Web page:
Little is known about the ecology of L. chimera in situ, but specimens which we have kept in laboratory aquariums have readily consumed a variety of aquarium fish foods, snails, earth worms, and leaf litter from streams, suggesting that this species is an opportunistic omnivore. These specimens were mostly active at night, when they foraged around their enclosures. During the day, they rested inside of artificial burrows made from PVC pipes, occasionally twitching their antennae in response to stimuli. They did not appear to be particularly aggressive, compared to other crayfish species.

Crayfish Associates. We collected the following primary and secondary-burrowing crayfishes from burrows at sites where we found Lacunicambarus chimera: Creaserinus fodiens (Cottle 1863), C. hortoni (Hobbs & Fitzpatrick 1970), Faxonius immunis (Hagen 1870), L. ludovicianus, L. polychromatus, L. aff. polychromatus, Procambarus acutus (Girard 1852), P. clarkii (Girard 1852), P. gracilis (Bundy in Forbes 1876) and P. viaeviridis (Faxon 1914). While sampling for L. chimera, we focused primarily on sampling for burrowing crayfishes and therefore do not have records of the tertiary-burrowing crayfishes that undoubtedly inhabit open water adjacent to L. chimera burrows.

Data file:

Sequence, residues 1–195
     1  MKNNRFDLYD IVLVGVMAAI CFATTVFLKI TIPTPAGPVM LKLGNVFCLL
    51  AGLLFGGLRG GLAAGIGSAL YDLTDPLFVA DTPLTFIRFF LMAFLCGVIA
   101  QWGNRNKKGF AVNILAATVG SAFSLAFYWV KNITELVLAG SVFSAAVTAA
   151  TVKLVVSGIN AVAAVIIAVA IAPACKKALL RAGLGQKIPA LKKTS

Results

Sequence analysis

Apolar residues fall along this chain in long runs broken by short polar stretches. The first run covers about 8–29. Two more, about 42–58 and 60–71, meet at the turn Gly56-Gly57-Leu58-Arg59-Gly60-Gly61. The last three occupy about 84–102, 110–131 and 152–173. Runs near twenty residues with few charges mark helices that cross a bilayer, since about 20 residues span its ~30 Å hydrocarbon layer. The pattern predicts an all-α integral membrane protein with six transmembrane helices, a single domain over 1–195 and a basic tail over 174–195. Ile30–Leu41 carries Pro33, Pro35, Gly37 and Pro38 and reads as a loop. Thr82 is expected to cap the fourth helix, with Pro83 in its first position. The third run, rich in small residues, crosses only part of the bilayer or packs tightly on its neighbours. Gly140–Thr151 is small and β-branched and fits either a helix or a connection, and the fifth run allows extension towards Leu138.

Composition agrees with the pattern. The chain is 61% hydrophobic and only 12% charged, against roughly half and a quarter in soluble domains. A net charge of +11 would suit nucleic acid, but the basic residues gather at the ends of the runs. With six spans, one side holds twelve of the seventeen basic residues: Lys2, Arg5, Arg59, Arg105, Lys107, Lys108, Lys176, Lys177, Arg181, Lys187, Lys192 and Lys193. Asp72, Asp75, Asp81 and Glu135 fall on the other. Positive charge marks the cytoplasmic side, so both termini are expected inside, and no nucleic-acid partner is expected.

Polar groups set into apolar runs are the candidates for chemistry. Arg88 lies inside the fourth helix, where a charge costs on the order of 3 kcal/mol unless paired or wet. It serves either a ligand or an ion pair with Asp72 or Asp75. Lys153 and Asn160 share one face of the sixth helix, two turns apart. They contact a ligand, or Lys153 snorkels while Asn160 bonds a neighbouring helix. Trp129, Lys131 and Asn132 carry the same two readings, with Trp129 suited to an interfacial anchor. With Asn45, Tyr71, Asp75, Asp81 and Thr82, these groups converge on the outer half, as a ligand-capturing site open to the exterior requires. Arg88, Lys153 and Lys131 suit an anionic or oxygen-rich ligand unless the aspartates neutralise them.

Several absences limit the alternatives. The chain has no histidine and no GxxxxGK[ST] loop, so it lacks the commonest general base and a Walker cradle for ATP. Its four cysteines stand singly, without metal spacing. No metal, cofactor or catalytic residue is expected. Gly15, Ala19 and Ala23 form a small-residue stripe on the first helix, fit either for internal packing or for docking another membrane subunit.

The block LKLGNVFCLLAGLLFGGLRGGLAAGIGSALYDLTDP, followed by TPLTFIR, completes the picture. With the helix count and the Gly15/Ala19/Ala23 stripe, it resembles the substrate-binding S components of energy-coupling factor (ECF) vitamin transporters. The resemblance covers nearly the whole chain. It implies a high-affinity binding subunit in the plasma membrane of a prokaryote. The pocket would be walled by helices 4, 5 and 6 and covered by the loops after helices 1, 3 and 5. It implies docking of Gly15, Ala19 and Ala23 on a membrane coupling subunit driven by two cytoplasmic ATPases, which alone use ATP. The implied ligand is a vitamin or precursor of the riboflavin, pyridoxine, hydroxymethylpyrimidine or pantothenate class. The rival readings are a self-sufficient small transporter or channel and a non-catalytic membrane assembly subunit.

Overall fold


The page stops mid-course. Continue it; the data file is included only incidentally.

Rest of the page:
Etymology. Our choice of the species epithet “chimera” stems from our first encounter with this species. The first specimens that we caught were freshly molted young adults (approximately 30 mm CL). These specimens bore a bright longitudinal gladiate stripe reminiscent of the stripe in L. ludovicianus, L. miltus, and some populations of L. polychromatus. The bright colors on these specimens were similar to those found in L. polychromatus, and the general shape of these specimens was reminiscent of L. diogenes. These features made L. chimera appear to be a chimera of multiple Lacunicambarus species. To honor the nickname given to this species when it was first discovered by Ray Jezerinac and Whitney Stocker, and also as a reference to its impressive size, we suggest the common name “Crawzilla Crawdad.” 

Mael G. Glon, Roger F. Thoma, Marymegan Daly and John V. Freudenstein. 2019.  Lacunicambarus chimera: A New Species of Burrowing Crayfish (Decapoda: Cambaridae) from Illinois, Indiana, Kentucky, and Tennessee. Zootaxa. 4544(4); 451–478.  DOI:  10.11646/zootaxa.4544.4.1